Each crypto token commands a small army of fierce supporters. For many, the sole cryptocurrency that is worthy of such staunch support is Bitcoin (BTC). But what truly is Bitcoin, what is its purpose, and how can it be fully optimized?
The division among those trying to answer these questions led to the creation of Bitcoin Cash (BCH), Bitcoin’s most successful offshoot. While for some, BCH has been the answer to crypto’s woes, but the coin has had some significant issues of its own over the past few months. From a multimillion-dollar hack to a new mining tax, BCH is dividing its community like never before.
Bitcoin Cash: Divisive by nature
Bitcoin, in its original form, was invented by a mysterious figure known only as Satoshi Nakamoto. Its creation went from an ambitious project whispered about in libertarian and cypherpunk circles to the global financial industry in its own right. But, while Bitcoin was developing, arguments broke out over the direction in which it was growing, and about the fundamental parameters of the technology.
Scalability is one of the most fundamental issues for any cryptocurrency. Although Bitcoin is the biggest and best-known cryptocurrency, it still struggles with the same scalability issues. Bitcoin’s block size was limited to 1 megabyte, but such a limit creates long delays in transaction processing times, as it reduces the total number of transactions that can be carried out in each block.
Here’s where BCH comes in. Developers changed the block size from 1 MB to 8 MB. They hoped that this would boost the number of transactions per second to rival payment titans like PayPal and Visa. But, inevitably, philosophical differences arose. The crux of the issue was found over what people consider the purpose of Bitcoin to be. For those who believe Bitcoin is a store of value, slower transaction times are not much of an issue. But for those who think Bitcoin is an exchange of value, slashing processing speeds and costs — thereby maximizing practical applicability — is paramount.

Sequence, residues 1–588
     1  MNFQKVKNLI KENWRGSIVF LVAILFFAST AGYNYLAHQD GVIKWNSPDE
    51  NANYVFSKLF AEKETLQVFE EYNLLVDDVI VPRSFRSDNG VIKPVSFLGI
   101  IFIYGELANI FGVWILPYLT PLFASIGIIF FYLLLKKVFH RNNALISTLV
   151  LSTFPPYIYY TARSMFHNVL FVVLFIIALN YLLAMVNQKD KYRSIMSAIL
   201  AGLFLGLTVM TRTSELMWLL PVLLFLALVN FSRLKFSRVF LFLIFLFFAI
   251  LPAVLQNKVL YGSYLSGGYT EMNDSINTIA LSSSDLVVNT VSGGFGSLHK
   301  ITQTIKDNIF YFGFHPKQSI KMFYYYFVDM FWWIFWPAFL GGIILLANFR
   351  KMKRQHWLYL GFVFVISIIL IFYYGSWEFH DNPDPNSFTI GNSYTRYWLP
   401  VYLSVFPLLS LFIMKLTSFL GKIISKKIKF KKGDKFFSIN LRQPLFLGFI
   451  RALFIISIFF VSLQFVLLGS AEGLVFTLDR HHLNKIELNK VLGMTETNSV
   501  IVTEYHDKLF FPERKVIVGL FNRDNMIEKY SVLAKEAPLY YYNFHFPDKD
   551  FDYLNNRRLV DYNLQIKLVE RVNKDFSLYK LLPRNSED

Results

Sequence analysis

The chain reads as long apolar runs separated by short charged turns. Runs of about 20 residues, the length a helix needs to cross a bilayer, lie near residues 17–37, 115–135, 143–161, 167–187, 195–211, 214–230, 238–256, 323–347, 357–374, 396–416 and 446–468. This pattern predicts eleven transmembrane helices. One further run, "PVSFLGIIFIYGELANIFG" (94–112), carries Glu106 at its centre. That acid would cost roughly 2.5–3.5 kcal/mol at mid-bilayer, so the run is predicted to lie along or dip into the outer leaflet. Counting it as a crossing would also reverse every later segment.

Related: Defining Bitcoin: Money, Currency or Store of Value
Consequently, Bitcoin Cash was pioneered in 2017 by Roger Ver. A cursory glance through Crypto Twitter reveals that vehement disagreement between the two Bitcoin camps still runs rife. But the dispute is not limited to the core nature of Bitcoin. New crypto projects face not only new security issues but also the challenges of living up to the ideals of their creators. And, as recent weeks have shown, it’s no different for BCH.
Ver weighs in on the BCH hack
Investing in cryptocurrency is notoriously risky. Although security has been advancing in leaps and bounds, investors are still at significant risk of being hacked. With what feels like a high-profile hack taking place almost every week in the crypto world, not even the most experienced investors are safe from cybercriminals. Earlier this week, BCH was back in the spotlight after an attacker stole $30 million in crypto from one prominent investor in a wallet hack.
While rumors initially swirled about the victim of the multimillion-dollar hack, a now-deleted Reddit post from Feb. 22 revealed that the victim is Josh Jones, founder of web hosting company Dreamhost. The hacker appeared to compromise Jones’s SIM card, but it is not yet known whether this was the result of a so-called “SIM swap.” In the deleted Reddit post, Jones called for help, requesting that BCH miners not validate the transactions:
“It’s only had 3 confirmations. If any miners/the community can help somehow, I’ve got the private keys. Help help help.. Big reward obviously.”
Hacks occur depressingly often in the crypto world. But when such a targeted attack carries off millions of dollars in one of the most prominent cryptocurrencies, it draws attention at the very highest level — though perhaps not for the obvious reasons. In an exclusive interview with Cointelegraph, Ver appeared to see the silver lining in Jones’s poor fortune:
“Here’s someone who’s worth at least $45 million, and he’s choosing to keep the majority of that in Bitcoin Cash, not what everybody is calling Bitcoin today. So, that’s a really, really bullish sign for Bitcoin Cash — that somebody with that much money is keeping it in Bitcoin Cash and not the same amount in Bitcoin, BTC. That’s a really, really big deal.”